- Nate Kuhn
The Automotive White Whale
Like many of us here, there are many cars that I absolutely and unequivocally love. While I have definitely found an enormous level of contentment with my humble Scion, there’s obviously “bigger” fish in the sea that tug at my heartstrings.
I grew up in the 80’s and 90’s - possibly peak era for the automotive wall poster. Mine was filled with the lines of Pininfarina designs, 60’s Euro sports cars, American Muscle, 90’s JDM and more. I have always had a knack for finding interest in many different categories of cars. I had posters all over - and in between the posters were hand-cut clippings from the brochures I’d get from the annual Auto show in Chicago. There was hardly 10 square feet of bare wall in my entire bedroom growing up, my youth literally surrounded by automotive photography.
If there were a top five that were the ones that captivated my eyes, heart and imagination the most, they would be (in order of release):
1: The 1984-1994 Ferrari Testarossa (later called the 512tr but let’s be honest - it’s a Testarossa).
2: The 1990-1996 Nissan 300ZX
3: The 1992-2002 Dodge Viper (technically 2 generations, but they’re the same basic design in terms of poster cars)
4: The Ferrari F355 - Possibly the best looking Mid Engined car of all time to my eyes.
5: The Ferrari 550 Maranello (this car saw technical improvements and minor visual tweaks but the original configuration looked the best to me).
Now, As I mentioned in an earlier article ( https://www.everydaydriver.com/single-post/redefining-the-dream-car ), with age comes the perspective and reality that MOST of your dream cars won’t ever really be attainable. Others that are less precious will be largely junk piles by the time you can get a chance to own one. There’s honestly a weird black hole that forms in the middle that only a handful of cars reside in.
One bookend is the proper exotics - the Ferraris that started out wildly expensive are still wildly expensive. Sure some can be had for far less than originally listed at, but it’s not exactly approachable from a “normal person” standpoint. They are nearly as far from a plausible purchase to me now as they were when I was a teenager.
On the other bookend are the cars that are readily available. Things like the Nissan 300zx are absolutely within reach. Except they fall into two basic camps - they're either clapped out high mileage cars that at some point in their multiple owner history were not taken care of very well and are ROUGH for 10k which I don’t want to buy, or the occasional Bring-A-Trailer specials that are showroom new and have a price that reflects that. Neither are really WORTH it to me - I don’t want a 90’s project car in the way those cheaper ones would be and I refuse to pay collector price for a car that I want to drive often - and one which the performance has been eclipsed by newer stuff and makes it less exciting and not really worth it in the end.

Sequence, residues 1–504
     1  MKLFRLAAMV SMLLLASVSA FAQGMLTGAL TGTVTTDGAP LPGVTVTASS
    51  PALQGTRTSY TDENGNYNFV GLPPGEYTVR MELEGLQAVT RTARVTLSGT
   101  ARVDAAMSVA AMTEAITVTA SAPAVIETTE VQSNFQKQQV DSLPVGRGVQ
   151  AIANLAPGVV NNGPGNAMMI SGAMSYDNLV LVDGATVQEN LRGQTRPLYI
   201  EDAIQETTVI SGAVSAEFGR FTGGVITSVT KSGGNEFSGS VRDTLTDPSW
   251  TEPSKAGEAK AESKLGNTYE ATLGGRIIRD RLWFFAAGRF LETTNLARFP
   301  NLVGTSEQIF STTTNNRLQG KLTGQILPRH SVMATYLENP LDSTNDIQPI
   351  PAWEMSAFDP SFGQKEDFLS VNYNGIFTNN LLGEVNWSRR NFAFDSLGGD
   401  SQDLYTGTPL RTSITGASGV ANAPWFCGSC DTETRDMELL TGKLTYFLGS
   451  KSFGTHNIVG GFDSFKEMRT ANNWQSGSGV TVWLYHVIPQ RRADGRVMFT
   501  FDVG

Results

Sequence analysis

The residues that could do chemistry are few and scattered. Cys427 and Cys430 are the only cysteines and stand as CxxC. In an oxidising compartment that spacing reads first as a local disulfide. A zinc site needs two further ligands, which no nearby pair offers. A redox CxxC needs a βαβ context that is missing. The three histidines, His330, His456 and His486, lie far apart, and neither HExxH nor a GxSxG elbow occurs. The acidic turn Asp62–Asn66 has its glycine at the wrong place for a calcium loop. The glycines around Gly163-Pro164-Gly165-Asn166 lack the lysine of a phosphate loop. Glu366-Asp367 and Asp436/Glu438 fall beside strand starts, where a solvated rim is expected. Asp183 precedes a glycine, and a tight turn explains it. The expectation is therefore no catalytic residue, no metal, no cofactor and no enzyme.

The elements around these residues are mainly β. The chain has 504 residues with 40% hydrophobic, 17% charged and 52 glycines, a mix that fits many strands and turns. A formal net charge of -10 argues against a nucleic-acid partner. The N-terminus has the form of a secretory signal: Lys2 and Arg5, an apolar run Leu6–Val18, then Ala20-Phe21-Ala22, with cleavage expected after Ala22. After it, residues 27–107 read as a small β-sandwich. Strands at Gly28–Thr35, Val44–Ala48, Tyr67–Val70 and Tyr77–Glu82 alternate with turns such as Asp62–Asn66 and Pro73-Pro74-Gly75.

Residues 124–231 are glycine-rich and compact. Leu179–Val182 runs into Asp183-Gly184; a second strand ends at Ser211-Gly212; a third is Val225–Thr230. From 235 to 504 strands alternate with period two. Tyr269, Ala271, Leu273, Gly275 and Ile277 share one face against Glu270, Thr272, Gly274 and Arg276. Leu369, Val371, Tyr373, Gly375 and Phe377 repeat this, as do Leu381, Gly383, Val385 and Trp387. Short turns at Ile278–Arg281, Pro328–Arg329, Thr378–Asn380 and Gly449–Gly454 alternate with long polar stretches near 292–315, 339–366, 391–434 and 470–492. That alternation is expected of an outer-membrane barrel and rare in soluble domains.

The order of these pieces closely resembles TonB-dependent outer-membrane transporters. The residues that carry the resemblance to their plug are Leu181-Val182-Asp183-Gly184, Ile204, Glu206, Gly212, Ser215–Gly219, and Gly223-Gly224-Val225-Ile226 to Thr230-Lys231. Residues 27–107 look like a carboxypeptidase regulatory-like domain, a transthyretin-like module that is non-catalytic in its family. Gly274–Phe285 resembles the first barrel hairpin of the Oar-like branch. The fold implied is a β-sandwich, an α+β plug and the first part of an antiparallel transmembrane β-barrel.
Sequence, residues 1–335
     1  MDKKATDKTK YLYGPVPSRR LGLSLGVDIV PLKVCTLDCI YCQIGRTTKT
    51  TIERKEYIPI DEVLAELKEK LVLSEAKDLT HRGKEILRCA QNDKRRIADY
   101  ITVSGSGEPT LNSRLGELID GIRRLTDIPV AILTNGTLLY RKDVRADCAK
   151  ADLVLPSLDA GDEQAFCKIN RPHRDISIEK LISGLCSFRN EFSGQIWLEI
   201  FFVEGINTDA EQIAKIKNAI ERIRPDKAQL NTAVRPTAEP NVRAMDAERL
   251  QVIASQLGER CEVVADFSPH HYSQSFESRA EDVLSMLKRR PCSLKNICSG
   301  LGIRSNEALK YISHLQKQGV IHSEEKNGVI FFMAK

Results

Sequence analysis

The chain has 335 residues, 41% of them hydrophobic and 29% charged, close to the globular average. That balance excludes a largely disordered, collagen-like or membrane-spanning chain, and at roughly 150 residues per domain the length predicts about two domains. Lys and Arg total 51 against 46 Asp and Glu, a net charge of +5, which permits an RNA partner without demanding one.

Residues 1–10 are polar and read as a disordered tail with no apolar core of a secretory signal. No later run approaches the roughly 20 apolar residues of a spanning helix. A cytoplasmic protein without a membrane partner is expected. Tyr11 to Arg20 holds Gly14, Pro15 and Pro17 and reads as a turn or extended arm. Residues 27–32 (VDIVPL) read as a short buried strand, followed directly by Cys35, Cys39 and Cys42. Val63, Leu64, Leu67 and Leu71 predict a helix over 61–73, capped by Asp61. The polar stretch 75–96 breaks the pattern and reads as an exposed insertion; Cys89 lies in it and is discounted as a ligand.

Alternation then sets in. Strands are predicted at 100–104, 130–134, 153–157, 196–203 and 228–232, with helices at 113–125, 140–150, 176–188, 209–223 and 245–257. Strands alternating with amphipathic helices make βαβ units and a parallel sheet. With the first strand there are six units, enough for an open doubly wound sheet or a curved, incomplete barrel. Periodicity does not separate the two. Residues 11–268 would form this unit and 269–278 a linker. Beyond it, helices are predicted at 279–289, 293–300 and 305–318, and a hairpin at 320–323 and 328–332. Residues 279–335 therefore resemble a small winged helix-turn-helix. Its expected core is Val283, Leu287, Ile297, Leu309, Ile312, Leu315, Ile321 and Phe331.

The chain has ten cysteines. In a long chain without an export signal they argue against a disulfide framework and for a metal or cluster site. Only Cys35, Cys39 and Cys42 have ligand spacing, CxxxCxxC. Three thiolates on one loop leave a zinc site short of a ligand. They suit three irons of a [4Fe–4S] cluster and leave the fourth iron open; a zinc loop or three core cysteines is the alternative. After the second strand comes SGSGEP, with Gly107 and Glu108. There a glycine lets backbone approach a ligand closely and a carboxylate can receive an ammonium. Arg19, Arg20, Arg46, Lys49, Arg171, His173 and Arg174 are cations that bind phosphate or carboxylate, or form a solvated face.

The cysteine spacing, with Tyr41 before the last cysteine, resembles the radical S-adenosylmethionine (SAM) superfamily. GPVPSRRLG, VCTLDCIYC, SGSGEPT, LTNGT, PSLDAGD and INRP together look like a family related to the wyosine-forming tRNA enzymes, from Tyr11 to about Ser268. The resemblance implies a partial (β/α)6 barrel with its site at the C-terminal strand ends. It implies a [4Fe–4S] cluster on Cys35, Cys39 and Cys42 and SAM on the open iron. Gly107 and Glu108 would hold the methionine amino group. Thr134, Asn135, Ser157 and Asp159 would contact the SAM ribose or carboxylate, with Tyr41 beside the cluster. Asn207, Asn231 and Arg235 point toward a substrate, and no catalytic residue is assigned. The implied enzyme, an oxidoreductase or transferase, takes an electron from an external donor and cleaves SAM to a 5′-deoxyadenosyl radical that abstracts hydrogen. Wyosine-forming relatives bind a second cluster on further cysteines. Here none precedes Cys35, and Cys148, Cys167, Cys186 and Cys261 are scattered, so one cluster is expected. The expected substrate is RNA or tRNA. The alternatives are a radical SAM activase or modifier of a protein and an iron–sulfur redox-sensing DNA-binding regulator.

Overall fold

So that knocks out a lot of the lifetime dream cars. But I have continuously been plagued by the temptation of one. The one that somehow straddles the middle of these two typical bookends. The one that shines brightly from the black hole between nuggets and exotica. The Dodge Viper.
Oh, the Dodge Viper. My irrational love for this car is second only to the absolutely insane car that it is. Admittedly, my personal design proclivities usually favor smooth flowing lines over hard edges and pointy features so it’s not much surprise how much the Viper resonates with my eyes. It is a STUNNER of a car. Crazy proportions, concept-car looks and an engine that is absolute comedy. My Uncle had one of the first ones off the production line, and getting to ride shotgun a few times as a 12-yr old did nothing to lessen my obsession with it. When it first came out it made everything on the road look ancient and even now nearly 30yrs later I feel it still looks terrific in person. It is one of my all time favorite car designs in history and while performance figures and capabilities have advanced dramatically, unlike many cars of this era (and ones before it) the Viper is still kind of a beast.